Transition to ESSA Accountability System May Be Bumpy

Last Monday (Aug. 1) was an important day for two reasons: 1) it marked the expiration date for the accountability waivers to states granted by the U.S. Department of Education (USED); and 2) it marked the deadline for interested parties to file comments on the USED’s proposed rules on accountability and state plans under the new Every Student Succeeds Act (ESSA).

The USED received more than 20,000 comments on its draft rules on accountability, which is  arguably the most controversial part of ESSA.

The WASB Government Relations team was among the thousands that prepared comments on the proposed rules; however, an unfortunate technology “glitch” prevented us from uploading the comments before the midnight Aug. 1 deadline. While the WASB’s comments are not officially part of the record, we do plan to share our comments with our members of Congress, and especially with Senator Tammy Baldwin and Congressmen Mark Pocan and Glenn Grothman, who sit on the respective Education committees, so they are aware of our concerns.

One strong concern we raised is that proposed rules require schools to be identified for improvement based on data from the 2016-17 school year. However, the ESSA (unlike the No Child Left Behind Act it replaced) was intended to return much of the decision making around accountability to states and local schools. Wisconsin, like many states, is still early in the process of consulting with stakeholders (including school boards) and the public regarding what that the accountability system should look like and decide what indicators of school quality and student success we will use, what weight that should attach to those indicators, and what will be the criteria and procedures for identifying schools. Like many other commenters, we urged USED to allow schools to first be identified for improvement in 2018-19, based on 2017-18 data. As presently proposed, the rules would mean that schools would be identified based on goals and expectations that are not yet in place and on data that the DPI may or may not be able to collect in 2016-17 in time to meet the USED’s proposed timeline.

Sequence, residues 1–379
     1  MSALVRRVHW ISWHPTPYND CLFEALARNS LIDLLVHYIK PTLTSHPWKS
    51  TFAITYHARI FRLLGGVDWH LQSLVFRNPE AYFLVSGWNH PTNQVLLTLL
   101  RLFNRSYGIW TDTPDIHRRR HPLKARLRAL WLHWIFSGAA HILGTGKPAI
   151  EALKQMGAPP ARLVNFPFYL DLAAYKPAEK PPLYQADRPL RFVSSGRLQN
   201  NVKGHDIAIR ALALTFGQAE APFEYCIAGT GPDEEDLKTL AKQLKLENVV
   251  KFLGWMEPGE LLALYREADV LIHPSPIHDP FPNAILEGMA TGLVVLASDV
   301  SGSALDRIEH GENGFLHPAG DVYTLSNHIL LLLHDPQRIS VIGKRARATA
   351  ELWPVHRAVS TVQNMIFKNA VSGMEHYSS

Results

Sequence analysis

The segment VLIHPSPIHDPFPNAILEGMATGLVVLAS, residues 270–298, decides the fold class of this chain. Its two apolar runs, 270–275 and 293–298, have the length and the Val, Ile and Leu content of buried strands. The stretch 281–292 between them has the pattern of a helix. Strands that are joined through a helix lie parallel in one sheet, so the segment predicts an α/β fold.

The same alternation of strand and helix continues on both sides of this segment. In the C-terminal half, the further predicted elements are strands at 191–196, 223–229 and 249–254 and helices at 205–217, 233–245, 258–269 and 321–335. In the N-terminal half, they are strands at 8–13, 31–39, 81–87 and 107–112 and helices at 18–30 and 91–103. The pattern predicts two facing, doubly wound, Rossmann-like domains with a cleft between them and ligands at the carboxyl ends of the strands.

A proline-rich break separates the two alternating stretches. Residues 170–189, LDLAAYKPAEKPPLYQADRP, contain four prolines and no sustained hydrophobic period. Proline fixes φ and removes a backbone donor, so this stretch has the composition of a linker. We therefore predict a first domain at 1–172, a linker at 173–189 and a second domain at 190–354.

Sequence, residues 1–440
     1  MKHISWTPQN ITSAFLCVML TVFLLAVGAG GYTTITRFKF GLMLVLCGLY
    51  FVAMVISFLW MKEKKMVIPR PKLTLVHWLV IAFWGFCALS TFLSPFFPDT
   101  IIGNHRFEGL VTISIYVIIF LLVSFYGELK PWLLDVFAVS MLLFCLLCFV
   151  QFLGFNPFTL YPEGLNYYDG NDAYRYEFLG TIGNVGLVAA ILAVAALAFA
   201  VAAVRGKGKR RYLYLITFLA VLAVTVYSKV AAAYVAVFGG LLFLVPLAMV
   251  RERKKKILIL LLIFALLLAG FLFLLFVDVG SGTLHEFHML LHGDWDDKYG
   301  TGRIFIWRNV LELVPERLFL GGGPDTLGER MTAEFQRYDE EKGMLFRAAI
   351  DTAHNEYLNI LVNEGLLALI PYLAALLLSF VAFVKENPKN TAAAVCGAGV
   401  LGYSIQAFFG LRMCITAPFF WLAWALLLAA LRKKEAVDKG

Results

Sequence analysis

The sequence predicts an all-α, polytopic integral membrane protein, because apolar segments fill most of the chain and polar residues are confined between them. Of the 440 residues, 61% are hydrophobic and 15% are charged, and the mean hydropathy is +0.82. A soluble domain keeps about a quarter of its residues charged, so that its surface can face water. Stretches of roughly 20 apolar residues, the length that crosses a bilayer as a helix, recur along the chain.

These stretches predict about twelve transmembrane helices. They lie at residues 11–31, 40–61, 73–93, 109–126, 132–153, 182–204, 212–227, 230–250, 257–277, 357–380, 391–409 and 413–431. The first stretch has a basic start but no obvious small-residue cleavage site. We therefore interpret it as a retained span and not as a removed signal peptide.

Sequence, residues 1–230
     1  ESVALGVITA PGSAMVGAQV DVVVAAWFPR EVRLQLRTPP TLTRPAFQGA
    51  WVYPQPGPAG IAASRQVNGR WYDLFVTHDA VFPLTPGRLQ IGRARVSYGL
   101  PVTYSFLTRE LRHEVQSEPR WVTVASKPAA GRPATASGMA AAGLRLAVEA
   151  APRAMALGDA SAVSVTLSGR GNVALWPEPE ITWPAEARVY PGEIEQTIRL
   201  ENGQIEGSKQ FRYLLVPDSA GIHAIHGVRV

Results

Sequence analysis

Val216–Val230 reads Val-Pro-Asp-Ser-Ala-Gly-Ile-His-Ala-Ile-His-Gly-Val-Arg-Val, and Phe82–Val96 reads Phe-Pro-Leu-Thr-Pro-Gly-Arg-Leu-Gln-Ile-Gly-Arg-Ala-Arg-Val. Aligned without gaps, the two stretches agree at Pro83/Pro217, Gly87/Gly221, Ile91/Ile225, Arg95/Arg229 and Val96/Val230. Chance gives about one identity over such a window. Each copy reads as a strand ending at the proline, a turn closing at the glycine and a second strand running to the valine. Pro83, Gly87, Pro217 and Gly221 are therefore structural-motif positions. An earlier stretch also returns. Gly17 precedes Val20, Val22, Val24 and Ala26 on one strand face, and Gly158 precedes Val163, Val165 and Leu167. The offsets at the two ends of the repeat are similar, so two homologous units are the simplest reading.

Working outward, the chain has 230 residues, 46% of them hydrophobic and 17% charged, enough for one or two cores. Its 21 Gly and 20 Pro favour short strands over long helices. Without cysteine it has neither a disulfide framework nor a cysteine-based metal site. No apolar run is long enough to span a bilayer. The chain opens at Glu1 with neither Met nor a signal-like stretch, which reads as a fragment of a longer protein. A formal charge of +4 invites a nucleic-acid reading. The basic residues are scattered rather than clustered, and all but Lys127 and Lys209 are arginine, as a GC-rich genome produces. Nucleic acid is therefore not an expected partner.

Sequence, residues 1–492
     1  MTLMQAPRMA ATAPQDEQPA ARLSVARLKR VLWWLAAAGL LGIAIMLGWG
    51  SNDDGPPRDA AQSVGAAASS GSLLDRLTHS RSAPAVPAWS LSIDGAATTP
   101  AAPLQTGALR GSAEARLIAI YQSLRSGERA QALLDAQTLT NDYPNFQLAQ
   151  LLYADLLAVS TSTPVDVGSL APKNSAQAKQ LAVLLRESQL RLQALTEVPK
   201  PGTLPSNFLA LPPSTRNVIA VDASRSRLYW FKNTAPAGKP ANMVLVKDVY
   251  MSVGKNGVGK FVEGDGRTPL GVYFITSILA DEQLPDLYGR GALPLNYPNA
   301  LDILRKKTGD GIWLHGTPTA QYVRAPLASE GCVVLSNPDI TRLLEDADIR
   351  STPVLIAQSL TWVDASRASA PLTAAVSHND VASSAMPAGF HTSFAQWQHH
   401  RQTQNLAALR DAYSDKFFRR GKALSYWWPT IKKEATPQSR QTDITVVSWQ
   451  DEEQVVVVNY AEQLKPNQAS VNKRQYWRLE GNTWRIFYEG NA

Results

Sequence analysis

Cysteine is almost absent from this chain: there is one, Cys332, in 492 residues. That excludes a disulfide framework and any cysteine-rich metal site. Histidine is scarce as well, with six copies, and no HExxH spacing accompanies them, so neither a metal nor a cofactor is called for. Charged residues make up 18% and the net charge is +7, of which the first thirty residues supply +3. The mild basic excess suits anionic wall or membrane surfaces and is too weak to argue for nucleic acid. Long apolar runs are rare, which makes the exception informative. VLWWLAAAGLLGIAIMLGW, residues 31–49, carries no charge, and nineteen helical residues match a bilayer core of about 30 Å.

WASB also expressed concerns that the proposed regulations are unnecessarily prescriptive in terms of specifying the components of the accountability system and, in so doing, does not follow the intent of Congress to allow states to have flexibility in designing accountability systems. The WASB argued those highly specific requirements improperly infringed on the power of states to decide on the right way to measure school performance and to establish timelines.

And, among other things, the WASB expressed concerns that amount of detail on school-level expenditures required by the proposed regulations goes well beyond the requirements of the statute, as does a proposed requirement that all schools use an October 1 student count date. We noted that the DPI does not currently collect school level information as detailed as what the proposed regulations require and that Wisconsin law already requires two student count dates. In support of our position we noted that there is no requirement in ESSA for either a single statewide reporting approach in the proposed rule or for prescribing a specific date on which the State and LEAs must count students (e.g., October 1).

Read more: NSBA Comments; DPI Comments; EdWeek coverage